St. Luke's Hospital
The Ophthalmology Assistant, under the medical direction of the Ophthalmologist (MD), assists the ophthalmologist by performing tasks, collecting data, administering treatments as ordered and supervising patients. Takes patient history, administers tests and evaluations, takes eye measurements for the purpose of diagnosis, and performs related clinical support. Assists and accompanies physician throughout the patient evaluation in order to efficiently and accurately document the patient physical examination.
Education: Completion of an approved training program for Ophthalmology Assistant or (see Experience).
Experience: If not a graduate of an approved training program for Ophthalmology Assistant, requires at least one (1) year of related experience working as an assistant in an Ophthalmology setting.
Licensure/Certification/Registration: Certified Ophthalmology Technician, Certified Ophthalmology Assistant, or Certified Ophthalmic Medical Technologist within 120 days of hire.
Within ninety (90) days of hire, BLS Certification with a designation of either BLS Provider or Healthcare Provider from either the American Heart Association or American Red or Military Training Network. Wisconsin Background Study upon hire and renewed per Wisconsin state law.
Experience: Previous experience as a Medical Scribe or Ophthalmology Assistant with scribing experience.
KNOWLEDGE, SKILLS AND ABILITIES
Knowledge of the basic structure and function of the eye, history taking, visual acuity testing, clinical chart documentation, anatomy and physiology of the retina, basic ophthalmic pharmacology, basic retinoscopy, fundus photography, slit lamp operation and telephone triage in an ophthalmic practice. Knowledge of supplies, instruments and equipment used in office-based ophthalmology. Ability to present a professional image and understand and carry out instructions by medical staff. Ability to work collaboratively and communicate effectively, both orally and in writing. Ability to work with indirect supervision and accept personal responsibility. Ability to provide service in a courteous and tactful manner. Ability to maintain confidentiality. Ability to perform basic computer keyboarding and answer the telephone.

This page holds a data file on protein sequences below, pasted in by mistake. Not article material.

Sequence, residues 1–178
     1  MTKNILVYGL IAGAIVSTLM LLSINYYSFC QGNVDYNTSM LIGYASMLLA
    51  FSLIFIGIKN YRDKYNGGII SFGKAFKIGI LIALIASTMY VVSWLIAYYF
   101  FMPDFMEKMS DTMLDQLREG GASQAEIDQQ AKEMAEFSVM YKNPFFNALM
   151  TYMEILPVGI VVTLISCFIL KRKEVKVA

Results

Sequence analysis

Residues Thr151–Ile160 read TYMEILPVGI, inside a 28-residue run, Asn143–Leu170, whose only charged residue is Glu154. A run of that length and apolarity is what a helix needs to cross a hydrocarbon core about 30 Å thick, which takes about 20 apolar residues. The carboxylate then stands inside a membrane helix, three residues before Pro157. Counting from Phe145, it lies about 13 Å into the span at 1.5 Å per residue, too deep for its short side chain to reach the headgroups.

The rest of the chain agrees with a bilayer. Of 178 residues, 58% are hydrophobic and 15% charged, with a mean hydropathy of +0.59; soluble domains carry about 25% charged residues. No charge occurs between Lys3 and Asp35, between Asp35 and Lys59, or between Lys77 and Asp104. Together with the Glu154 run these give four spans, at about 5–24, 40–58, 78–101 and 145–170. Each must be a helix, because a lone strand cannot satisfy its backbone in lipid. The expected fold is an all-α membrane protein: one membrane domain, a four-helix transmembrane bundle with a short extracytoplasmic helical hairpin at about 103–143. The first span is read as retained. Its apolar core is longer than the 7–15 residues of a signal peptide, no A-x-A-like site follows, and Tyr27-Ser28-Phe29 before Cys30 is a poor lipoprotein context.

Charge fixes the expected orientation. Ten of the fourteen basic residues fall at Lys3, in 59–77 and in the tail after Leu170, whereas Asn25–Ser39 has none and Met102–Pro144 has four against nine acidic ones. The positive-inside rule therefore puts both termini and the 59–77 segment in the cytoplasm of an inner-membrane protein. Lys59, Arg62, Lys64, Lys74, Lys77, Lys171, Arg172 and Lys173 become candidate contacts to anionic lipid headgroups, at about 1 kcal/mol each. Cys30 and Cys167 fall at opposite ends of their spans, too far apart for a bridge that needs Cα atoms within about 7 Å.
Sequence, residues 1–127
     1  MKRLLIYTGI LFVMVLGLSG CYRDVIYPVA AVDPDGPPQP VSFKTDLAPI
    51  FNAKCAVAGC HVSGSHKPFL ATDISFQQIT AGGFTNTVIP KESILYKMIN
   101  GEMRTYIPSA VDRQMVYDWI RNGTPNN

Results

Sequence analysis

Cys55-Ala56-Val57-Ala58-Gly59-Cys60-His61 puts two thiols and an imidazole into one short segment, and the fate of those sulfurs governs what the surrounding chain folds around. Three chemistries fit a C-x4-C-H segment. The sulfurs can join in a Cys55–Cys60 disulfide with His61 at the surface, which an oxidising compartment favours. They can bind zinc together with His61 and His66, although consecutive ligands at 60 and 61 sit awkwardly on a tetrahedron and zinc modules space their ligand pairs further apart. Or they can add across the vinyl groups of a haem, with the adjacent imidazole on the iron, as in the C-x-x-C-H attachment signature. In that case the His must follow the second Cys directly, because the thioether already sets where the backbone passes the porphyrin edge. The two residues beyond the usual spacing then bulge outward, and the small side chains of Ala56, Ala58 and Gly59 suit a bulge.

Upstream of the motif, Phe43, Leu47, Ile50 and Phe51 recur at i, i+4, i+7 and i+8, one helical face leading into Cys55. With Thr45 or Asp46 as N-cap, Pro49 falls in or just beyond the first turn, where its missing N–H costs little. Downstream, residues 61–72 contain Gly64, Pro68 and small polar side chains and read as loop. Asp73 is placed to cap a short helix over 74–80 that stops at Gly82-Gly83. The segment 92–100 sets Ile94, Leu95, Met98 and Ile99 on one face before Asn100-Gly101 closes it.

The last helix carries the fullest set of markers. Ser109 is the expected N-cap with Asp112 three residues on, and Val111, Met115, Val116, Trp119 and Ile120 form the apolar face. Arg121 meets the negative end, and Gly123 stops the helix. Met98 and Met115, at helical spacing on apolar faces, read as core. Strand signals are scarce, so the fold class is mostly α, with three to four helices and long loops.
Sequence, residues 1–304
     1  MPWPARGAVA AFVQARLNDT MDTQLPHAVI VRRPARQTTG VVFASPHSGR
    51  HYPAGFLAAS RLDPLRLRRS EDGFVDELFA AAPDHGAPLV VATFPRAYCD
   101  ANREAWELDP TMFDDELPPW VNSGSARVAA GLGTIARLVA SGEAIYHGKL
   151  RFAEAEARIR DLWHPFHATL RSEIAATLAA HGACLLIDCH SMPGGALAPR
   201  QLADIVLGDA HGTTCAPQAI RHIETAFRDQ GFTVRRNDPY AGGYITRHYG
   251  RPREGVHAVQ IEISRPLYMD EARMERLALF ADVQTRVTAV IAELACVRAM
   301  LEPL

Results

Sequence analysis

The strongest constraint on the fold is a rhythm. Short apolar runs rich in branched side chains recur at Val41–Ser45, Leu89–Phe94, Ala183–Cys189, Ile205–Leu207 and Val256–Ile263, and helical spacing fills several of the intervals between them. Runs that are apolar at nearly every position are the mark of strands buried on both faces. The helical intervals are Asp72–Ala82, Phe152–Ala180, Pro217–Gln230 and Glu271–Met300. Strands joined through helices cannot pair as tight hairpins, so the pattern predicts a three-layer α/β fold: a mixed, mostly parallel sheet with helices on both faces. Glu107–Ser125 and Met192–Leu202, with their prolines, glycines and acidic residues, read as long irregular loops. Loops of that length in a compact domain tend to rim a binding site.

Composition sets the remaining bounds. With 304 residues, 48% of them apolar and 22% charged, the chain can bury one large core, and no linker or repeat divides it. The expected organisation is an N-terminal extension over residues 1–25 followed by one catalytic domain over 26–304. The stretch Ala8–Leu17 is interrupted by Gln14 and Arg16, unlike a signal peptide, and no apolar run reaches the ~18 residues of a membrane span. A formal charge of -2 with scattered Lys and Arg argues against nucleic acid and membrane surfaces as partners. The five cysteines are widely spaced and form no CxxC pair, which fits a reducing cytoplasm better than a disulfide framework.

READING - Intermediate: Ability to read and interpret documents such as operating and maintenance instructions and procedure manuals.
WRITING - Intermediate: Ability to write routine reports, correspondence, or procedures.
SPEAKING - Intermediate: Ability to effectively present information in one-on-one, small group situations or before groups of customers, clients, and other employees of the organization.
MATHEMATICAL SKILLS - Basic Skills: Ability to add and subtract two-digit numbers and to multiply and divide with 10's and 100's. Ability to perform these operations using units of American money and weight measurement, volume, and distance.
REASONING ABILITY - Intermediate Skills: Ability to apply common sense understanding to carry out instructions furnished in written, oral, or diagram form. Ability to deal with problems involving several concrete variables in standardized situations.
AGE SPECIFIC COMPETENCIES - Skilled at assessment and knowledgeable of growth and development. Provides appropriate care respective to the ages of the patients served per clinical environment.
PHYSICAL DEMANDS AND ENVIRONMENT
Ability to meet the physical demands of an ophthalmology clinic practice, including the ability to see, hear, walk, write legibly, speak English, stand and work greater than eight (8) hours per day
Stand - Continuously Over 2/3 (5.5 8 hours)
Walk - Continuously Over 2/3 (5.5 8 hours)
Sit - Frequently 1/3 to 2/3 (2.5 5.5 hours)
Use hands to finger, handle, or feel - Continuously Over 2/3 (5.5 8 hours)
Reach with hands and arms - Frequently 1/3 to 2/3 (2.5 5.5 hours)
Stoop, Squat, Kneel, or Crouch - Occasionally Under 1/3 (1-2.5 hours)
Bending-repetitive forward - Occasionally Under 1/3 (1-2.5 hours)
Talk or hear - Continuously Over 2/3 (5.5 8 hours)
Up to 10 pounds - Continuously Over 2/3 (5.5 8 hours)
Up to 25 pounds - Frequently 1/3 to 2/3 (2.5 5.5 hours)
Up to 35 pounds - Occasionally Under 1/3 (1-2.5 hours)
Typical Noise Level - Moderate noise (examples: business office with computers and printers, light traffic)
Works in an office-based clinic setting. May be exposed to risk of exposure to blood borne disease. May be exposed to electrical and mechanical hazards from office equipment. May be exposed to unpleasant patient elements.